Sunday, November 16, 2008

Apron by Simplicity (#5154):What I Learned

Several weekends ago, I dug out this pattern that I intended to try out several years back. It's a Simplicity pattern for an apron. Anyway, my sister was over and I had the pattern out, so we figured we'd give it a shot. I'm pretty new to the whole sewing world, so I relied a lot on my sister's know-how to work on this apron. This was the first time I followed a Simplicity pattern as well, so I figured it would be a good time to write up what I learned and share it.

First things first, when you get the pattern, you have to figure out which you'll actually need as sometimes the envelop that holds the pattern also holds patterns for other variations of aprons. In this envelop, there were two patterns called Apron A and Apron B and I picked Apron A.

Second tip, have an iron handy... it helped a great deal. :-)
Okay, so here's what I did.

  1. Take out your pattern and your instructions. Don't get too intimidated with the instructions as two-thirds of it is probably repeated information in different languages.
  2. Cut the pieces out of your pattern. Another nice thing about using a pattern is that the cut-up pieces already take into account any seam allowances that you might need. All the pieces are numbered and depending on which pattern (Apron A or Apron B) you're making, the instructions list the pieces you will need. You can choose to just cut only those out or to cut all pieces out and sort later.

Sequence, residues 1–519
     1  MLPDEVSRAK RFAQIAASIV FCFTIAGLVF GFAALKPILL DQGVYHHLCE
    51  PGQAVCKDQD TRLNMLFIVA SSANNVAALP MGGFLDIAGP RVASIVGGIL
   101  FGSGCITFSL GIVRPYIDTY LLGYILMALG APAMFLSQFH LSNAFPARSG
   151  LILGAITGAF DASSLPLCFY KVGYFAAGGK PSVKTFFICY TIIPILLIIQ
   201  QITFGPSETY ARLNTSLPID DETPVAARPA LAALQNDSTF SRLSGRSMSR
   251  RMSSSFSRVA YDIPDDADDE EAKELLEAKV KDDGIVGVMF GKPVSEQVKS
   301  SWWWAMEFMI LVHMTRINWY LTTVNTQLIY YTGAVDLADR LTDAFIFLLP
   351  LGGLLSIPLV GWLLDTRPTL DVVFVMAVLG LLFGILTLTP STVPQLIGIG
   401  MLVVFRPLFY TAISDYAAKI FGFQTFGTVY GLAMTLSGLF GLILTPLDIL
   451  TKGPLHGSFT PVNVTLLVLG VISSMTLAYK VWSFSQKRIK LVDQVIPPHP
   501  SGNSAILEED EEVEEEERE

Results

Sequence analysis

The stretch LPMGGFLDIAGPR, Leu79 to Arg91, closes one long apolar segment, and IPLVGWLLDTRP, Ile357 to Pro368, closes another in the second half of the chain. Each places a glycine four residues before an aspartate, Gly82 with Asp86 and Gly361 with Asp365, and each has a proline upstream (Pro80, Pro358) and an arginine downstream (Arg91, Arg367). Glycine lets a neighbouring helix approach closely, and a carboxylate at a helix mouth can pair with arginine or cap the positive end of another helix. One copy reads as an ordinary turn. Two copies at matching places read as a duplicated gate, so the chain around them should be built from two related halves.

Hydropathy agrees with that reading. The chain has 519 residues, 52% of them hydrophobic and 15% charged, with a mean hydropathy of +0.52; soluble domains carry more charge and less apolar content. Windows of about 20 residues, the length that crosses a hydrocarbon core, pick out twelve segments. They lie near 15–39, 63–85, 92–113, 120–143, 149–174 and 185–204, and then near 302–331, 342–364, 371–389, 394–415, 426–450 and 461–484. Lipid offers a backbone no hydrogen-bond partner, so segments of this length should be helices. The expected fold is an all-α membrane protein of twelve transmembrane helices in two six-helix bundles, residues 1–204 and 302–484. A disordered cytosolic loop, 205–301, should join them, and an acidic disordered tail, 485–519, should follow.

3. Pin the cut out pieces to the fabric. Check the instructions as they will usually have a suggested layout of how to place the pieces onto the fabric to use the fabric more efficiently. Third tip, keep an eye on the layout in the instructions as they sometimes require a folded side, or where the selvage might be located. Fourth tip, sometimes you won't be able to use the suggested layout because of your fabric choice, such as if the pattern is directional. In this case, you'll see diagrams with the pattern pieces laid out and the direction that they'll need to be cut.
  4. Cut the fabric, then mark the fabric on the wrong side, with markings on the pattern. I use a fabric pencil to mark the circles I see. Speaking of wrong side of the fabric leads me to the fifth tip. Fifth tip, when reading the diagrams check the legends on each page to see which are the wrong sides of the fabric (sometimes represented as a shaded region or a non-shaded region) and which are the right sides of the fabric. We noticed that this actually changed from the first page to the second page of the instructions so keep an eye on that. Grr!
  5. After this, you basically just keep on following the pattern according to the instructions.

Some terms defined in my words:

seam allowances – the area between the edge of the fabric and the sewing line
right/wrong side – some fabrics have a pattern on one side this would be considered the right side of the fabric. The other side, is considered the wrong side.
hand-baste – this means to loosely sew by hand, in order for you to “transfer” the line that you're sewing to the other side of the fabric. It helps to hand-baste with a brightly colored thread that stands out against the fabric's pattern.
press – to iron down.

So, that's all I know so far about using a pattern to sew something. It was pretty fun, and actually not too badly difficult to do, so I'll definitely try another pattern again. Maybe a fleece beanie with ear flaps. :-D

Anyway, good luck, hope it helps!

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